The Glorious First of June

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Well apparently, people ARE reading my blog posts! My recent post titled ‘An “Illuminating” Experience,’ led to the identification of the “unidentified 18th century naval battle” depicted on one of our lithophanes (thankfully I did peg the right century).  Reader Andy Cook identified the scene as the sinking of the French 74-gun ship-of-the-line Vengeur du Peuple during the battle affectionately known by the British as the Glorious First of June (1794).  The scene was taken from a lithograph adapted from a painting by French artist Auguste Étienne François Mayer (1805-1890).

Q 225 lithophane illuminated
Lord Howe’s Victory over the French. (June 1, 1794). Accession number: LE 2130

As you would expect, at least when it comes to large-scale naval battles, there were many factors that led to the fight, which makes it hard to distill the action into just a few paragraphs. However, since it’s considered to be the first major fleet action of the French Revolutionary Wars and one of the greatest convoy actions in naval history I’ll give it a try!

Looking over the many accounts of the battle, it seems that the major factor that led to the action started when France suffered several years of bad harvests. Combined with the chaos that followed the French Revolution, numerous regions within France were facing famine.  Desperate to alleviate the situation, the French Directorate sent a convoy of one-hundred thirty ships to America and the West Indies to bring grain and produce back to France. The convoy, accompanied by a small escort, left Brest in December of 1793.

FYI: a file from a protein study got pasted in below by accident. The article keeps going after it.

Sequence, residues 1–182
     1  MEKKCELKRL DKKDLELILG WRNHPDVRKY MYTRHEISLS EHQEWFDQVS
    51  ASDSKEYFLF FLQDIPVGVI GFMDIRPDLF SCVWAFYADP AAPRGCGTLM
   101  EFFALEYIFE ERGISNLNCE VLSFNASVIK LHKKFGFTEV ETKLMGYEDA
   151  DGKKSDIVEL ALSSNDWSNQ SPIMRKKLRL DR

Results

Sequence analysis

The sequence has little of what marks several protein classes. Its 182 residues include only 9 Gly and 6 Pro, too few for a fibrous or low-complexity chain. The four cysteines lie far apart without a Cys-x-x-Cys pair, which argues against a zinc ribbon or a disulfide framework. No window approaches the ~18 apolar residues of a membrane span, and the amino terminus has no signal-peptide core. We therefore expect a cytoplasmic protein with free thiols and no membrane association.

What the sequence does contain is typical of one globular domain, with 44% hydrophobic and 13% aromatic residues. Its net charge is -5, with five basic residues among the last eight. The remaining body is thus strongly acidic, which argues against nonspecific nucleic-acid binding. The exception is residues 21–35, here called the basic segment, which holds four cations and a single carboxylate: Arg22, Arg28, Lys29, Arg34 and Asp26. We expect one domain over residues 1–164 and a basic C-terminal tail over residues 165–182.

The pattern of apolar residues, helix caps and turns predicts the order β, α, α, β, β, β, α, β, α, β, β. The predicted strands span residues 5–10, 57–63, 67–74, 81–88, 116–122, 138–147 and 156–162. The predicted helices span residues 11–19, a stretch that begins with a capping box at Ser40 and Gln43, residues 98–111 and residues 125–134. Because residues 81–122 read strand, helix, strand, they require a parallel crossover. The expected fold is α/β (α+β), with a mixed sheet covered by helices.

Unable to prevent the convoy’s departure, the English Channel fleet under Lord Richard Howe hoped to intercept the convoy on its way back to France in the spring (the convoy sailed from Hampton Roads on April 11, 1794).

Lord Richard Howe. Accession number: 1975.27.01

In early May, Howe, with the bulk of the British fleet, headed to sea to cover an outward-bound British convoy of ninety-nine merchant vessels headed to the East and West Indies and Newfoundland.  After  the convoys were safely away with some protective escorts, Howe assembled the rest of his fleet (twenty-six ships-of-the-line and seven frigates) deep in the Bay of Biscay off Ushant with the intent of catching and destroying the French convoy.

Desperate for the supplies, the French Directorate mobilized what was essentially France’s entire Navy and sent it into the Atlantic to ensure the convoy’s safe passage. Just to make sure you understand the gravity of the situation, the French rear admiral in charge of the operation, the gloriously named Louis Thomas, Comte de Villaret de Joyeuse, had been warned that if he failed to protect the convoy his next port of call would be the guillotine.

At this point it should be obvious that there were a serious number of warships sailing off Ushant waiting for the arrival of convoy from America–but each country’s fleet had different goals. The British wanted a fight while the sole focus of the French was to get its convoy safely to France.